I saw Dave Thibeault and got my exhaust system, pictured below. He was the most popular guy in the place - always someone asking him something or buying something from him. One gentleman asked him about installing the trunk release cable. Dave asked him if the old cable was still in place. No. Well, you'll have to take the gas tank out. I asked him about how to change it out if the old one was still in place. He said to tie baling wire to the old one, pull the old cable out, fix the baling wire to the new cable and pull it back through. As I was coming home tonight I decided that would be my Avanti work for tonight, and that's what I did. The new trunk release cable is in place. Not all hooked up yet, but in place.

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This weekend I decided to tackle the water pump, front engine rust, water expansion tank with thermostat, fuel lines from the fuel pump, etc. Not too bad of a weekend - removed the expansion tank and cleaned it up, replaced the water pump, wire brushed a whole bunch of rust and treated the areas with Rust Reformer. I cleaned up the supercharger idler pulley assembly, rust treated it and re-installed it with new plastic bushings. I also replaced the negative battery cable and ordered the positive cable, along with a new stoplight switch. I painted the expansion tank with Rustoleum, have to wait for it to dry to re-install it. Same with the new water pump pulley. I hope to do that tomorrow night.

I also pulled the alternator - as I was fooling around with it, cleaning rust off of it, I realized it wasn't going to hold on for long. When I spun the pulley it squeak, squeak, squeaked. Needs some attention - so I'm going to trade it in on a new one, along with the voltage regulator. I also fabricated a couple of new fuel lines, one running from the fuel pump to the carburetor, the other a return line from the supercharger. I need a bubble flare tool though - I'll have to look into one of those.

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Looking good Chris. One thing I noticed, the water pump appears to be upside down -- the weep hole normally points down. Probably not too big I deal I guess, but you wouldn't want the hole to plug up with grime.

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Fascinating journal...enjoyable. Back in the time I worked as a gas jockey, I recollect the issue of speedometer mileage popping up in conversation's. One point noted was the fact, when an odometer turns over the first digit will not align with the rest, in other words, all the number's don't appear even/level. Your rear bumper dosen't look to complicated, check into rechroming.

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I'm sure you're right Paul - I looked at it, turned it both ways and decided that I remembered seeing one with the weep hole pointing up. That one was probably installed wrong too! Ah well, that's what you get when an amateur starts messing around with things. In a couple of years, when I have the engine rebuilt, I will turn it around (if it doesn't fail first!).

Thanks for the comments Foggy norm, now that you mention it I do believe there is something to what you say. I will take a close look at the odometer and see how the numbers line up. My rear bumper is rough - on the left side (that confounded left side issue again) there are two holes rusted clean through. After I got back on Friday I was putting the new trunk release cable in and, since I had just seen a pristine bumper, I inspected mine. On the inner surface the chrome layer is actually peeling away. I grabbed the bumper in the middle and gave it a good pull and twist - it seemed to have way too much flex in it. I began to wish that I had seriously reached deep and bought the nice one I saw. Oh well....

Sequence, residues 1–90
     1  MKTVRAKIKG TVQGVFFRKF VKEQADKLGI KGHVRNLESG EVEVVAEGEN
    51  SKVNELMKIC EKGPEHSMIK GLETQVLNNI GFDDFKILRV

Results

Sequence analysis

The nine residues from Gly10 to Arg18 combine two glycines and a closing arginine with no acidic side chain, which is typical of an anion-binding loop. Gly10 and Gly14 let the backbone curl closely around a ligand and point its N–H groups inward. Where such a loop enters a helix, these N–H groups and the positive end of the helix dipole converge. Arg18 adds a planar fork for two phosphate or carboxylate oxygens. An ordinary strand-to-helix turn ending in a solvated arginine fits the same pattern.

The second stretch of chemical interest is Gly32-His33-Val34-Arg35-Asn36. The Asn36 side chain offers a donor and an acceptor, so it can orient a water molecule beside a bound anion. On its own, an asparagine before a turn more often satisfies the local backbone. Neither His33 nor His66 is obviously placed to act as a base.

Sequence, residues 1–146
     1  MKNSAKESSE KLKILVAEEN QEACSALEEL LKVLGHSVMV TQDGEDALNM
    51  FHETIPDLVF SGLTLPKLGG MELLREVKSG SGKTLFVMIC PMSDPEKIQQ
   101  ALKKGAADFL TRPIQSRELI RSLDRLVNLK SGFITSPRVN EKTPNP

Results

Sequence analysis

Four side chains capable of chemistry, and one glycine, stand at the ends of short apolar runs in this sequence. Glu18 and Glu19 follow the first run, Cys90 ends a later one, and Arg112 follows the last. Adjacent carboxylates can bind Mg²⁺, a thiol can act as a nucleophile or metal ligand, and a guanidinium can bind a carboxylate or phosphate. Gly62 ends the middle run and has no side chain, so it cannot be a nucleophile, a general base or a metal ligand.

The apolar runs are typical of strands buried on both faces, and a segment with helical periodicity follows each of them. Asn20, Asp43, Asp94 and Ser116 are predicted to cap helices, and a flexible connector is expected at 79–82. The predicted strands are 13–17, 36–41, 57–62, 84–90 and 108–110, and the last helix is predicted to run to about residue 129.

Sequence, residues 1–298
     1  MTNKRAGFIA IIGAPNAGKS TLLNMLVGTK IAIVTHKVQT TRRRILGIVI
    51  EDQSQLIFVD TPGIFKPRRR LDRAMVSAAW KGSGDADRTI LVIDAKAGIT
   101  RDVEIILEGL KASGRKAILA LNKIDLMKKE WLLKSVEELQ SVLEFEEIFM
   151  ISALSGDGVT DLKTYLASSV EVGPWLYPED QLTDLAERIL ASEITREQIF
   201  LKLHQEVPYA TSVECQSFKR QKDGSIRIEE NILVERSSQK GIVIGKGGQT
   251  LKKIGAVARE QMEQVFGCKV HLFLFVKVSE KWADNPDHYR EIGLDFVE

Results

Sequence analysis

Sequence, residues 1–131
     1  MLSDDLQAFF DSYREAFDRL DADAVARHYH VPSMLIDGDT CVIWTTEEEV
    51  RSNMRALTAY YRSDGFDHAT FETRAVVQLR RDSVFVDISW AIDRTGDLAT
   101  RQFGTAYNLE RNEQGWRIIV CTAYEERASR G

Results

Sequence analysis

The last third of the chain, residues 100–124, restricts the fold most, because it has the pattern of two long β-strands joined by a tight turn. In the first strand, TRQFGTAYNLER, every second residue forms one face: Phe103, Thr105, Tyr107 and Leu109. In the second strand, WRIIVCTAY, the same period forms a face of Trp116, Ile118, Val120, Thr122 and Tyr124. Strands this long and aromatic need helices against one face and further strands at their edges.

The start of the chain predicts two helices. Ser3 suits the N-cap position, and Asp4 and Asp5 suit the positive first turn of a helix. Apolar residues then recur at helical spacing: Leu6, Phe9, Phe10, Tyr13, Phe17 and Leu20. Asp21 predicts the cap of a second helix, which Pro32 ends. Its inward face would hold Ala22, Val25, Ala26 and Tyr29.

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This how I do most of my wire wheel cleaning, then use one on the drill in smaller confines, finally one on my mini-grinder for the corners.

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These manifolds were "before"

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And here is "after" (the exhaust manifold, after wire wheel, got Rust Reformer and BBQ black hi-temp.)

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Well, tonight was a night to go backward, before I can go forward. I went ahead and flipped the water pump so that the weep hole was facing down, and in the process I cracked the mounting flange. My bad - I'm beginning to wonder about my ability to think things through, I've made a few mistakes on this car that I don't think I would have made in my younger days. Maybe I'm getting too old? Trying to do too much, too fast? Dunno, all I can do is slow down and think things through. It's not "the end of the world", just aggravating. Of course, anyone who works on cars knows how these things happen, ya just gotta roll with the punches!

So, JB Weld is on the crack, which is right at a mounting hole. I'm hoping everything holds and there are no leaks - I hope. Another thing I did was "back up" on the fuel return line that I installed a few weeks ago. After installing that I began to think more about it and I realized the line wasn't big enough. It was even smaller than the factory line. Again, my bad. So, I picked up the correct size tonight and installed it in place of the earlier line. Much better. Maybe now I can move forward and not make mistakes!

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P.S. I just stuck the expansion tank on temporarily, with the mounting bolts finger tight. When I get the radiator and bottom hose installed I will take the tank off and the new thermostat out and fill the block with 50/50 coolant mix, then install the thermostat and tank.

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Chris looking at your pictures I was reminded about something I will pass on to you to be recalled at the appropriate time. The lower radiator hose connection at the engine block is a ***** to get to after everything is installed. I put that hose on and tighten the clamp strategically exposing the adjustment screw on the hose clamp for future access with a screwdriver or nut driver before I get too far along in the re-install process.